North. Plantagenet, for all the claim thou lay'st,
Think not that Henry shall be so depos’d.

War. Depos'd he shall be in despite of all.
North. Thou art deceiv'd: 'tis not thy southern

Of Essex, Norfolk, Suffolk, nor of Kent,
Which makes thee thus presumptuous and proud,
Can set the duke up in despite of me.

Clif. King Henry, be thy title right or wrong,
Lord Clifford vows to fight in thy defence :
May that ground gape and swallow me alive,
Where I shall kneel to him that slew my father!
K. Hen. O Clifford, how thy words revive my

heart !
York. Henry of Lancaster, resign thy crown.
What mutter you, or what conspire you, lords?

War. Do right unto this princely Duke of York,
Or I will fill the house with armed men,
And o'er the chair of state, where now he sits,


Write up his title with usurping blood.
He stamps with his foot, anil the Soldiers

show themselves. K. Hen. My Lord of Warwick, hear me but one

word : Let me for this my life-time reign as king.

York. Confirm the crown to me and to mine heirs, And thou shalt reign in quiet while thou liv'st.

K. Hen. I am content: Richard Plantagenet,
Enjoy the kingdom after my decease.

Clif. What wrong is this unto the prince your son !
War. What good is this to England and himself !
West. Base, fearful, and despairing Henry !
Clif. How hast thou injur'd both thyself and us !
West. I cannot stay to hear these articles.
North. Nor I.
Clif. Come, cousin, let us tell the queen these news.

West. Farewell, faint-hearted and degenerate king, In whose cold blood no spark of honour bides.

North. Be thou a prey unto the house of York, And die in bands for this unmanly deed !

Clif. In dreadful war may'st thou be overcome, Or live in peace abandon'd and despis'd ! Exeunt NORTHUMBERLAND, CLIFFORD, and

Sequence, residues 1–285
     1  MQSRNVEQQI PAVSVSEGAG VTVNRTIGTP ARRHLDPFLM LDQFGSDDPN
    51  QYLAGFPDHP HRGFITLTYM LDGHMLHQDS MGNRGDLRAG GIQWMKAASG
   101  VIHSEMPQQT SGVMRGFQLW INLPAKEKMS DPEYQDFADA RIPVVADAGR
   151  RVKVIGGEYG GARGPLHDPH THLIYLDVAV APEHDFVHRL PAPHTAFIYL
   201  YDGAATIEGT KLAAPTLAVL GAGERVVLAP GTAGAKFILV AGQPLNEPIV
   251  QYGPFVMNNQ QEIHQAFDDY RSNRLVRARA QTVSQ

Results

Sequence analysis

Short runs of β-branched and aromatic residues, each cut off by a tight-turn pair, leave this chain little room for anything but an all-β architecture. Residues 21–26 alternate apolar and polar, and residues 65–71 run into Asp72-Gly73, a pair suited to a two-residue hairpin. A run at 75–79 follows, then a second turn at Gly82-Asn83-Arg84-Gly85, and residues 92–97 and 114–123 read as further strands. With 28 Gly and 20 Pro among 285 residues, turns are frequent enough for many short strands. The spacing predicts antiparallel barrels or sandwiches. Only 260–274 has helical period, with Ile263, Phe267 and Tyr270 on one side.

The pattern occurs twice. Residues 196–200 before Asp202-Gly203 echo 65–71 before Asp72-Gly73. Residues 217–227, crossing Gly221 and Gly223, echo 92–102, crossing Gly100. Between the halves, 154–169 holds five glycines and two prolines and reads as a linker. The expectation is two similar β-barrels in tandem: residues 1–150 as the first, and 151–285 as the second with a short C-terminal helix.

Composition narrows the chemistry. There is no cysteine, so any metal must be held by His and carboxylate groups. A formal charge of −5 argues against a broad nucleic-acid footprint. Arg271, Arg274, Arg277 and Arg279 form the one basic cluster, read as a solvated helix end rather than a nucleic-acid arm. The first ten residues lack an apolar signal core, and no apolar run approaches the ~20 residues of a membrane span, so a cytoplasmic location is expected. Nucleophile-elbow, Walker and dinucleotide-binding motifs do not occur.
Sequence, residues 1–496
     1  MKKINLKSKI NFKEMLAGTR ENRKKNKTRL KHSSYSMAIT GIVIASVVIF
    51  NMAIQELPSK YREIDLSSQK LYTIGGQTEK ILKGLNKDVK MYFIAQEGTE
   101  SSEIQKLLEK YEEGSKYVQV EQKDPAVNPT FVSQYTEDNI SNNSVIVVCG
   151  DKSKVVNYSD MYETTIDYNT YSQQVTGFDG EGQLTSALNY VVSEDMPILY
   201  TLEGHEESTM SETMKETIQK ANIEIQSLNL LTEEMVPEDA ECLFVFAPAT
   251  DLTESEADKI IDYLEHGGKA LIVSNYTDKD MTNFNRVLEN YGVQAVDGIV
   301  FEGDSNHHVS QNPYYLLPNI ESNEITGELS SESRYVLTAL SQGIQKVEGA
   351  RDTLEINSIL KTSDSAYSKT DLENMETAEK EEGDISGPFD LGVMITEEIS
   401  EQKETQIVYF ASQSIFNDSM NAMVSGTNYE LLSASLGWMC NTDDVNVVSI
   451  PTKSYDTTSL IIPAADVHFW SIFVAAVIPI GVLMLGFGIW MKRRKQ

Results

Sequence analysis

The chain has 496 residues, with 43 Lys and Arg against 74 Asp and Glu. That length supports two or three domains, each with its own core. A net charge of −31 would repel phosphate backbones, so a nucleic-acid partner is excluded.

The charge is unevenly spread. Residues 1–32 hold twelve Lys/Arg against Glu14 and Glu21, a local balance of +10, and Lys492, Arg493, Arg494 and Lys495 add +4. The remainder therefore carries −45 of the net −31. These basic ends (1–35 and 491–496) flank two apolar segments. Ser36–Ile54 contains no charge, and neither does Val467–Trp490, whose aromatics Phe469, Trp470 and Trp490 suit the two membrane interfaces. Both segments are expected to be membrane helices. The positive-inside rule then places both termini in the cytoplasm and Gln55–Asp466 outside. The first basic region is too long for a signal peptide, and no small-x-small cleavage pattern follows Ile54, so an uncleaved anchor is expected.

WESTMORELAND. War. Turn this way, Henry, and regard them not. Exe. They seek revenge and therefore will not yield. K. Hen. Ah! Exeter. War.

Why should you sigh, my lord ? K. Hen. Not for myself, Lord Warwick, but my son, Whom I unnaturally shall disinherit. But be it as it may; I here entail The crown to thee and to thine heirs for ever; Conditionally, that here thou take an oath To cease this civil war, and, whilst I live, To honour me as thy king and sovereign;

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And neither by treason nor hostility
To seek to put me down and reign thyself.
York. This oath I willingly take and will perform.

Coming from the throne.
War. Long live King Henry! Plantagenet, em-

brace him. K. Hen. And long live thou and these thy forward

sons ! York. Now York and Lancaster are reconcil'd. Exe. Accurs'd be he that seeks to make them foes !

Sennet. The Lords come forward. York. Farewell, my gracious lord : I'll to my castle. War. And I 'll keep London with my soldiers. Norf. And I to Norfolk with


followers. Mont. And I unto the sea from whence I came.

Exeunt York and his Sons, WARWICK, NOR

FOLK, MONTAGUE, Soldiers, and Attendants. K. Hen. And I, with grief and sorrow, to the court. Enter Queen MARGARET and the Prince of WALES. Exe. Here comes the queen, whose looks bewray

her anger : I'll steal away.

K. Hen. Exeter, so will I.
Q. Mar. Nay, go not from me; I will follow thee.
K. Hen. Be patient, gentle queen, and I will stay,

Q. Mar. Who can be patient in such extremes ?
Ah! wretched man; would I had died a maid,
And never seen thee, never borne thee son,
Seeing thou hast prov'd so unnatural a father.
Hath he deserv'd to lose his birthright thus ?
Hadst thou but lov'd him half so well as I,
Or felt that pain which I did for him once,
Or nourish'd him as I did with my blood,
Thou wouldst have left thy dearest heart-blood there,
Rather than have made that savage duke thine heir,